MIA mentoring - progress report

“Mentoring allows us to accurately evaluate our skills, to see our blind spots and to determine a plan for improvement. And isn’t that a worthy goal for both our professional and our personal endeavors?” Ron Culberson, Huffington Post blog article

You may or may not know that this summer Mountain Training UK has been piloting a mentoring scheme for the Mountaineering Instructor Award. Here’s a short update on how it came about, what happened and what’s going to happen next.

How it came about

Mentoring is an established mechanism to support people in their development across a wide range of activities, sports and professions. As part of our collaboration with other sports in our sector we’ve discussed the idea of ‘blended learning’ and the positive impact it can have. In fact we have just started a collaborative three year PhD research project with Bangor University looking at how we improve completion rates for all our candidates.

Mountain Training has, for the last 52 years, approved providers to run training and assessment courses. What happens before, between and after these courses is very much up to the candidate. We’ve started to consider ways to support them and mentoring and e-learning were the two options we were most interested in exploring first. (Information about our pilot e-learning modules will be available very soon.)

This year (2016) we decided to run a pilot mentoring scheme for female MIA trainees that would offer support during their run up to assessment and give us the opportunity to learn from the process. We chose this group for three reasons; there are disproportionately few female MIAs, there had already been convincing feedback from women that mentoring would be a welcome addition and lastly, we knew the numbers would be manageable and we wanted to start small.

Sam Leary at work with one of the trainees cSLeary

What happened?

We contacted all the women who had attended MIA training in the last five years but not yet passed assessment (25 in total) offering them support in the form of phone calls or meetings to discuss their consolidation and assessment preparation plan, DLOG, or answer any specific questions. 12 of the trainees took up the offer in return for providing us with feedback and ideas for the future development of mentoring as a whole.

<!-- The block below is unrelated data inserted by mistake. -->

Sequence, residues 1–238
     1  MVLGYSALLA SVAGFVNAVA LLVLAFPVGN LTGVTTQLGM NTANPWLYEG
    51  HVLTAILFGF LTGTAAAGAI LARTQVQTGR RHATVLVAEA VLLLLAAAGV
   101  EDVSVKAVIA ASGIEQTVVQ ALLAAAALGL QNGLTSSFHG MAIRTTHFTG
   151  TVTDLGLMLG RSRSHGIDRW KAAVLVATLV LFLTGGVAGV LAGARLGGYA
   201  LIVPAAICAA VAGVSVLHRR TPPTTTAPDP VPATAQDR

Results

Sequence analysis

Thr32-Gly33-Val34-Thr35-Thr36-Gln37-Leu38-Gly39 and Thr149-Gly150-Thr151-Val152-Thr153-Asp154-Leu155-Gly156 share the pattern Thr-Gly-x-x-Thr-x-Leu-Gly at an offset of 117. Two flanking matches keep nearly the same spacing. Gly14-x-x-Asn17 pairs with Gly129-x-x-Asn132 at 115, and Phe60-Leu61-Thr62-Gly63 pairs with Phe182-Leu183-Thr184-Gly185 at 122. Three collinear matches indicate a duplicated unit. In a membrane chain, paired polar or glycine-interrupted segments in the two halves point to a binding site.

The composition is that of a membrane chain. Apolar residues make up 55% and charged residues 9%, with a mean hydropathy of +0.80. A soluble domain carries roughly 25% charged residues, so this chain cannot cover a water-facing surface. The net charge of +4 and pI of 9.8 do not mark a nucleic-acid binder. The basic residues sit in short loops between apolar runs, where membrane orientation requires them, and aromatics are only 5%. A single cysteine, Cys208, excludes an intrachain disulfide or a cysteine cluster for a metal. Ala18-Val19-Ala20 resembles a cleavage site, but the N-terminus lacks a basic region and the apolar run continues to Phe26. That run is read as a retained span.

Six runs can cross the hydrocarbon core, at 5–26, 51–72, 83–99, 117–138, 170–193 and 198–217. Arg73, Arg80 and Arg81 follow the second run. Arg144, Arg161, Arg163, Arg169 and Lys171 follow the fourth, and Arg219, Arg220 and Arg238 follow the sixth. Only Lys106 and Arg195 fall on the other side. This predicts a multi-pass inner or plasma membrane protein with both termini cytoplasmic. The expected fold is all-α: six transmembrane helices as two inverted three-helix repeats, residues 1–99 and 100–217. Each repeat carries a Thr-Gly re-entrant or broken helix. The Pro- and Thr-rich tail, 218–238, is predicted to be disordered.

This coincided with AMI both establishing an Equality Working Group, and deciding to develop practical mentoring, which enabled us to team up with Sam Leary (an experienced MIC) as chair of the Working Group, who invited the trainees to observe her working and where appropriate they did some teaching and Sam offered them feedback.

All six females who passed their assessment this year were involved in mentoring in some way; four directly through our pilot and two through mentors of their own. Congratulations to all!

What happens next?

We are currently evaluating the pilot mentoring scheme, but in the meantime we are delighted to report a 100% success rate at assessment for the mentees – male and female. Sharing everything that we and they have learned will follow soon. The evaluation will also look at developing a model for mentoring that might work across all schemes. Any future mentoring schemes would be accessible to men and women.

The assessment process

Mountain Training UK is not a provider – we do not run any training or assessment courses ourselves. Mountaineering Instructor (Award and Certificate) courses are run by the three national centres; Glenmore Lodge, Plas y Brenin and Tollymore, and staffed by teams of highly experienced Mountaineering Instructor Certificate holders who have been trained and approved and are monitored to carry out this specialist role.

On a typical course every candidate will be assessed by between three and five different assessors. Every evening and at the end of the course, the whole assessment team plus the course director discuss every candidate in great detail to arrive at the most appropriate outcome. The robust nature of this system leads to fair and reliable results.

Our mentoring pilot has been, and any future mentoring scheme will be, separate from this assessment process. It is the combination of the awarding organisation (in this case Mountain Training UK), a membership association (in this case AMI), the training providers (in this case the three national centres and of course the candidate that leads to new instructors: its success is reliant above all things upon the effort and input of individual candidates and we want to find more ways to maximise their experience and gain our qualifications.

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